Even the deeply religious won’t be too alarmed by it because it’s known to not be an unusual phenomena. However, when you get 4 of them in rapid (from a cosmological perspective) succession — as we will over this year and next — there are still a few True Believers™ out there who are ready to start predicting Very Bad Things About To Happen:

‘Blood moon’ sets off apocalyptic debate among some Christians – The Washington Post.

Recent books capitalizing on the event include “Blood Moons: Decoding the Imminent Heavenly Signs” by Washington state author Mark Biltz; “Blood Moons Rising: Bible Prophecy, Israel, and the Four Blood Moons” by Oklahoma pastor Mark Hitchcock; and “Four Blood Moons: Something Is About to Change” by Texas megachurch pastor John Hagee.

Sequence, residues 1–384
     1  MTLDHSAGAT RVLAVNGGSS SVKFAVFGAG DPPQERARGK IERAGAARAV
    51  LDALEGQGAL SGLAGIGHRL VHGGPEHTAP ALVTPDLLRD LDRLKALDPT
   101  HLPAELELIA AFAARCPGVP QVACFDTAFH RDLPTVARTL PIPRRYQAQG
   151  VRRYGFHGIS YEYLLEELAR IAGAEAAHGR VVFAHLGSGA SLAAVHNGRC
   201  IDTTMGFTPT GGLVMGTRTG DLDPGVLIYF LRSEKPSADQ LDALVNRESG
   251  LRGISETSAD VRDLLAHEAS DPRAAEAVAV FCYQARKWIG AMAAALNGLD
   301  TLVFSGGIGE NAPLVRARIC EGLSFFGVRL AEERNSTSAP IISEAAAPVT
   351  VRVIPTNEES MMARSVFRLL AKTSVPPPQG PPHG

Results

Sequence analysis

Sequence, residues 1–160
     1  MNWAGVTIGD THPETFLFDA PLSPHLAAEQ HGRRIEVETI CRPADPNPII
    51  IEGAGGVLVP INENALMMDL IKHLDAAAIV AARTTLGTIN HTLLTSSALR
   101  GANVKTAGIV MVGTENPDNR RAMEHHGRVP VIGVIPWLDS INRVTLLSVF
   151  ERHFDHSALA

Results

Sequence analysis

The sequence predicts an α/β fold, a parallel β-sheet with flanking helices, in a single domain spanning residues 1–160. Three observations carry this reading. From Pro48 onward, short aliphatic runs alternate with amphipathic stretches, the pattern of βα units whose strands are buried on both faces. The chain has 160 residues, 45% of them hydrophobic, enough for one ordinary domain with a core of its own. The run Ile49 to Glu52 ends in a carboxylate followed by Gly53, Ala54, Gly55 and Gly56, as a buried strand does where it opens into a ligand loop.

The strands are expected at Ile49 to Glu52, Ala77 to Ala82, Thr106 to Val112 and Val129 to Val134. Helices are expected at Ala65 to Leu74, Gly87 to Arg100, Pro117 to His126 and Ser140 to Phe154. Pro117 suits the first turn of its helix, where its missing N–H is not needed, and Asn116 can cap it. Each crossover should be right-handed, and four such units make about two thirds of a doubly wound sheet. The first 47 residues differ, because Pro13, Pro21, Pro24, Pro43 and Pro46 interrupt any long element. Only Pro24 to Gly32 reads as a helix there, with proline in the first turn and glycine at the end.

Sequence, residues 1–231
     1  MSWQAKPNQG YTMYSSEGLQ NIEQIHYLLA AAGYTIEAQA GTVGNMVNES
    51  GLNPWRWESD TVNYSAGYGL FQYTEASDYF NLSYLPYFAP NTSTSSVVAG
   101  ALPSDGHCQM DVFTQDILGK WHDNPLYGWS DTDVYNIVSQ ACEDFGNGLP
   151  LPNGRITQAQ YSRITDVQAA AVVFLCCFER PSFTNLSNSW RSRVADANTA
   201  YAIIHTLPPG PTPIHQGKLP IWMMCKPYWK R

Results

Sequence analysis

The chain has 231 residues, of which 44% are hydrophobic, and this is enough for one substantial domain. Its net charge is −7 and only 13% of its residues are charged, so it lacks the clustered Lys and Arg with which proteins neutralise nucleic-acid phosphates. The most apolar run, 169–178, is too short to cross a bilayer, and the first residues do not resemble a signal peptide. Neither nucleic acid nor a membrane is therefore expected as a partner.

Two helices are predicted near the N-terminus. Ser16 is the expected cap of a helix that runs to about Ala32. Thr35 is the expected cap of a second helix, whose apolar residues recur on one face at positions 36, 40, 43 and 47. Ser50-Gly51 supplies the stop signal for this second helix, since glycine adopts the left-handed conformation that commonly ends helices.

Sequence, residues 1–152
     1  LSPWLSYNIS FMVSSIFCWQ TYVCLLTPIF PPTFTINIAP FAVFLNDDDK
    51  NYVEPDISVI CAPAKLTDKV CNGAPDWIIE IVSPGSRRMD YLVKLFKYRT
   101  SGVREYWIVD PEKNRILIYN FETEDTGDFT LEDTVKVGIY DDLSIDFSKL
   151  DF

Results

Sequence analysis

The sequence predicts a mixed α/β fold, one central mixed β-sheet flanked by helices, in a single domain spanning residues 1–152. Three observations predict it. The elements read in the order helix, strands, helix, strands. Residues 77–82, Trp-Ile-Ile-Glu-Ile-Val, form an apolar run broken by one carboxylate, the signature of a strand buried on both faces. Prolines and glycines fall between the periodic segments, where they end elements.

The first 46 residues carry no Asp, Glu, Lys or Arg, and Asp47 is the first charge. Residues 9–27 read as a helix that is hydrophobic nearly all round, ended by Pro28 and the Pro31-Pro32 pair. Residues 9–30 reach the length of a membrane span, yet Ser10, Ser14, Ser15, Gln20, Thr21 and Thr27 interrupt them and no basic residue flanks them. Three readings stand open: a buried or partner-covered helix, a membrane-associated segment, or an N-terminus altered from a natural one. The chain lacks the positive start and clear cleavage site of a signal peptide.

Naturally, it’s Hagee’s book that’s attracting the most attention because he’s making the biggest prediction:

This time, Hagee suggests that a Rapture will occur where Christians will be taken to heaven, Israel will go to war in a great battle called Armageddon, and Jesus will return to earth. Hagee planned a special televised event on Tuesday (April 15) on the Global Evangelism Television channel.

Yes, apparently Hagee has learned nothing from the stunning failures of other big Christian leaders making predictions about the end of the world and is declaring the coming blood moons are a sign of the End of the World! Nevermind the fact that this sort of thing has happened previously and isn’t all that uncommon. This time is different! Why? Cause Hagee said so!

“When you see these signs, the Bible says, lift up your head and rejoice, your redemption draweth nigh,” Hagee said in a sermon, according to the San Antonio Express-News. “I believe that the Heavens are God’s billboard, that He has been sending signals to Planet Earth but we just have not been picking them up.”